So, Sam Clucas has scored in six straight seasons in six different divisions, climbing a division each time. It’s a brilliantly geeky footballing feat, as well as a fine tribute to the persistence of a stellar player to make it as a top professional, and we should be proud of him even if we only became part of the trip last season.
So what other fascinating scoring facts and quirks from City players and City games can we offer you? Chris Chilton’s record tally for the club is well known, and the achievements of Duane Darby (six in one game), Les Mutrie (14 in nine straight games), Alan Fettis (two in two games, but, well, you know…) and Ian Ashbee (goals in all four divisions, uniquely) are also very much on the record. These five others may not be so well known – until now…
1: Nick Barmby
Our quickest ever goal came against Walsall as recently as November 2004 and, if seven seconds between kick off and 1-0 isn’t enough of a “what the…?” moment for you, let us also add that it was the only time the famed boot-out-to-the-right wing kick-off routine so beloved of Peter Taylor actually worked. Stuart Green collected Damien Delaney’s blind crossfield ball and his centre was side-volleyed into the net low down by Barmby.
City went on to win 3-1 with further goals before the break by Jason Price and Junior Lewis, but the opening strike was the one that went down in club folklore. If City scored after seven seconds now, three quarters of the eventual attendance would miss it because of the rotten automated turnstile system.
2: Bill McNaughton
He’s there, in City’s record books, and he’s going to stay in place for as long as Hull City, and football, and sport, and civilisation, remains a thing. McNaughton joined in the summer of 1932 from Gateshead and achieved a perfect average in his first season with the Tigers, scoring 41 goals in 41 league games as the Third Division (North) title was swashbucklingly captured.
McNaughton didn’t score in the first three games, but once he was off the mark there was rarely any stopping him. The stats within a stat are fascinating; his longest run of scoring games was only four; he got four in one game, two hat-tricks and seven braces; he didn’t take penalties; and he was more than ably assisted by inside forward Russell Wainscoat, who shovelled in 21 of his own. A strike partnership of 62 goals.
Promotion meant McNaughton got less of his own way, with a meagre 15 in City’s mid-table Division Two season, prior to his sale in October 1934 to Stockport County. Fleeting his stay may have been, but he alone made sure it wouldn’t be forgotten.
To put it into perspective, while taking into account the raising of defensive and fitness standards, our better known goalscorers got the following seasonal bests in league football for City: Bradbury 30; Chilton, Wagstaff, Mutrie and Elliott all 27; Edwards 26; Payton 25; Windass 23; Houghton 22; Hernández 22; Whitehurst 20; Marwood 19; Burgess 18; Pearson 17; Fryatt 16 – all bar two of these were central attackers, and some of these embellished their totals with penalty kicks. Paddy Mills, the only other player behind Chilton and Wagstaff to hit three figures in league goals for City, got a season’s best of 25. And before the First World War, John Smith managed a best of 32 while Sammy Stevens got 26 in the last season prior to conflict.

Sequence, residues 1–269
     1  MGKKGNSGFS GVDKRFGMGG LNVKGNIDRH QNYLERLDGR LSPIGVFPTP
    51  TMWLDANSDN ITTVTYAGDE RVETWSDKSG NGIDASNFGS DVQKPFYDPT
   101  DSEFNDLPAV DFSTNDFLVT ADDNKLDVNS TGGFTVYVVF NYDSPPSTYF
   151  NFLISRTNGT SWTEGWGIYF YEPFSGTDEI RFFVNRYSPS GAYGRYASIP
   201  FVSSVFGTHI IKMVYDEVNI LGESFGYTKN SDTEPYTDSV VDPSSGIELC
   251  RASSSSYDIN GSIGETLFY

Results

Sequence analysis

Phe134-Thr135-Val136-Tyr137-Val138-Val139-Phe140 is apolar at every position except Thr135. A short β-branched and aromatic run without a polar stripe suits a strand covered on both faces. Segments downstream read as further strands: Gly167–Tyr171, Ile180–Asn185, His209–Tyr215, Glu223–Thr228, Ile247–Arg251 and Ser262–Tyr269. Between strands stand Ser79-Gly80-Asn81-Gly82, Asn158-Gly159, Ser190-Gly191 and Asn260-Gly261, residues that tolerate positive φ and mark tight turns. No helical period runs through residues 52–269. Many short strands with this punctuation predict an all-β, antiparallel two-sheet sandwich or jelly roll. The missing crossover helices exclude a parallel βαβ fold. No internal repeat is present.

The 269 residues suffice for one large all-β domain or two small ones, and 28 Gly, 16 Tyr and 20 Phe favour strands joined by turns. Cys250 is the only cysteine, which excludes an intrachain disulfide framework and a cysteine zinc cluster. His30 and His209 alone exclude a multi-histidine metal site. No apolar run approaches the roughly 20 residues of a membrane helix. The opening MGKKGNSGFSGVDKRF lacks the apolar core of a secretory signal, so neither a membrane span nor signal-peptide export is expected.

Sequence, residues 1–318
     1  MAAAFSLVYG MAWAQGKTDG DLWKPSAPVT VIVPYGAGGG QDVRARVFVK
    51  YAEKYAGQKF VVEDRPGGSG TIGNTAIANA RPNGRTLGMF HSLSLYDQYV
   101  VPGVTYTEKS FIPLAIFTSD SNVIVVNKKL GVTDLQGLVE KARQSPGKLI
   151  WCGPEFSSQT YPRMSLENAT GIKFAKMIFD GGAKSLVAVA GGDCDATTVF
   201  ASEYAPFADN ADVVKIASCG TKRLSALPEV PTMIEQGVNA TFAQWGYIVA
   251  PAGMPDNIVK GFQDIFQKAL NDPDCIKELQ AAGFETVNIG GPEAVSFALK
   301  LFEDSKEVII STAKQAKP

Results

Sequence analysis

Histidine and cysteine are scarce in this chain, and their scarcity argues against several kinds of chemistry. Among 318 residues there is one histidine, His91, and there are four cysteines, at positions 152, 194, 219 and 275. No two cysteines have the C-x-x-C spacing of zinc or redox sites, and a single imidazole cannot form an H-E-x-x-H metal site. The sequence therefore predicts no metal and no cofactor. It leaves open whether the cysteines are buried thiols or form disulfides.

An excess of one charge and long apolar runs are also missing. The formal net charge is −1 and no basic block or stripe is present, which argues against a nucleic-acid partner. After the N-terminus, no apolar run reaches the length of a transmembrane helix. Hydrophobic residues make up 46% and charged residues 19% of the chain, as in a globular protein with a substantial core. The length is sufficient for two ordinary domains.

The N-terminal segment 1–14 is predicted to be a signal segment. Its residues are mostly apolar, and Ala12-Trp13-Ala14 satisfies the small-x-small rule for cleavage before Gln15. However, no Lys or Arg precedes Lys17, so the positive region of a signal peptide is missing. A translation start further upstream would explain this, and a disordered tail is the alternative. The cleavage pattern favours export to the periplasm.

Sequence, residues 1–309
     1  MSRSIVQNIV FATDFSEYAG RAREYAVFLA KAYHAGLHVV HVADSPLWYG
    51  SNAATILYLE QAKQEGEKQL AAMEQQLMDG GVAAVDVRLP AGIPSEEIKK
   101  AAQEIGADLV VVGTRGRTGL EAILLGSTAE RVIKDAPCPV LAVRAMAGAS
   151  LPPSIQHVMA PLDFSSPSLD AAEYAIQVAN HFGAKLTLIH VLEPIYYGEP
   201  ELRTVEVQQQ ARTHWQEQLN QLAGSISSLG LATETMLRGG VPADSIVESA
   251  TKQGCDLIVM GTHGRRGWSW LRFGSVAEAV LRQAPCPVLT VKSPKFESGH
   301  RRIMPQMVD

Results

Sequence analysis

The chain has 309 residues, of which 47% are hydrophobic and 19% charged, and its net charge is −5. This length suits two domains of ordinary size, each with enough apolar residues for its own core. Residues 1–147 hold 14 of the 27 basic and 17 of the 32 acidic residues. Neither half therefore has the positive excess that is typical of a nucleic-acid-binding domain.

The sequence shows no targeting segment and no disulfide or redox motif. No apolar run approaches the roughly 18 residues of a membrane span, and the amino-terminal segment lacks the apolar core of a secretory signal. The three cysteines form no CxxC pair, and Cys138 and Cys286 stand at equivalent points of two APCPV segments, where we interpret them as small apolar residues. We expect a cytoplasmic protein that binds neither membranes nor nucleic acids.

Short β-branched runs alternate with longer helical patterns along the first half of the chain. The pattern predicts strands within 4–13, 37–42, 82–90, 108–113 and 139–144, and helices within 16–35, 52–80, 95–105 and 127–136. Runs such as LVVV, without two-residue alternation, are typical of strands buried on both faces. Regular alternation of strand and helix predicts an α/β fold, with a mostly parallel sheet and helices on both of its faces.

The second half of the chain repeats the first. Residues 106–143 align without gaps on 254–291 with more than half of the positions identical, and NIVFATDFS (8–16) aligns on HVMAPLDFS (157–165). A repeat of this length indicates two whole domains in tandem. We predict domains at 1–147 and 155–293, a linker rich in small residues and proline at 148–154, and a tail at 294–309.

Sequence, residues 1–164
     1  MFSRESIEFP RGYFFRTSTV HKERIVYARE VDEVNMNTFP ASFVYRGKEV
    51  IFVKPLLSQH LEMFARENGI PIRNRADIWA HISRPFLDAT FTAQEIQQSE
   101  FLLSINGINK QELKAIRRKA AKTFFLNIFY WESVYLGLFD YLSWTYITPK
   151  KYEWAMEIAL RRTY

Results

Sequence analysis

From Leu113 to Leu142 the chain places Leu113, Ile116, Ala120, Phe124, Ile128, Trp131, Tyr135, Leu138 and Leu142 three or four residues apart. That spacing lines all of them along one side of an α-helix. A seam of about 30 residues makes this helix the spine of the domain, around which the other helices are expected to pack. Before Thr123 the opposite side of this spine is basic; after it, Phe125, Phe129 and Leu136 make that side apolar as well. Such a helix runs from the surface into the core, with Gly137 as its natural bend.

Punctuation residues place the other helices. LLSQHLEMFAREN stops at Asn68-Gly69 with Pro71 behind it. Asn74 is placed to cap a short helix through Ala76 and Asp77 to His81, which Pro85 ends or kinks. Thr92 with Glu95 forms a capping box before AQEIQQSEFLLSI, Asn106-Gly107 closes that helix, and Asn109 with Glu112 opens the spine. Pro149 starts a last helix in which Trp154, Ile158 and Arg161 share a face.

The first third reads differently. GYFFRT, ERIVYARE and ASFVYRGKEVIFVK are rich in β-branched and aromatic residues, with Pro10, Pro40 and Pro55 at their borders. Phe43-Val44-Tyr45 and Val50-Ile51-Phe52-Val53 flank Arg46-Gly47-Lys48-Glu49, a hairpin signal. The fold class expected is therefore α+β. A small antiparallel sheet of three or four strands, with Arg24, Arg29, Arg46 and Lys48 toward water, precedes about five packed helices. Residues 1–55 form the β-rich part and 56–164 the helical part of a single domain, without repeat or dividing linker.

So nobody is really close to what McNaughton managed, and only his very short spell with the club stops him, probably wrongly, from being regarded as a legend. His record will stand for all time.
3: Ken Wagstaff (with a bit of help from Ian Butler)
Waggy battered in loads of hat-tricks within his 197 senior goals for City but the quickest one came in February 1968 when he plundered all three of his strikes in nine exhausting minutes. In fact, it was four in nine, with Butler managing to get one in between as the Tigers, a goal down to Bristol City at Boothferry Park, went very quickly 4-1 up and saw out the game. Wagstaff then promptly went three matches without scoring.
4: Stuart Green
Him again. Not only did he contribute to our quickest ever goal, but we reckon his goals in the first minute and the 96th minute of the 3-2 win over MK Dons just two weeks before Barmby’s instant strike represent the longest gap between goals in normal time for any City scorer. Unless you know differently.
5: Sylvan Ebanks-Blake
Didn’t play for City, but did so against us twice at the Circle during his spell at Plymouth Argyle between 2006 and 2008. He managed to score in both games. Now, do bear with us.
The extraordinary thing about this was that the games were consecutive, despite being identical in competition and venue. City, having survived relegation and condemned Leeds simultaneously the previous week, ended the 2006/07 season with a 2-1 home defeat to Plymouth – Ebanks-Blake scored in that – and then began the following campaign three months later with a 3-2 home defeat to Plymouth, and he scored in that too (as did a certain winger called Péter Halmosi).
There may have been a massive gap in between – similar to the massive gap left by Danny Coles in City’s defence for Ebanks-Blake to score on that second occasion – but there were no competitive fixtures during that time, and so the ex-Manchester United trainee can claim to have scored in identical consecutive competitive games, with City happening to be the opposition.
No City player was in a position to achieve the same as Stuart Elliott, the scorer in the first defeat, wasn’t picked for the second.
It probably isn’t unique a goalscoring quirk in English football but we rather hope it is, despite being on the receiving end. It’s not as if our season then went from bad to worse, after all.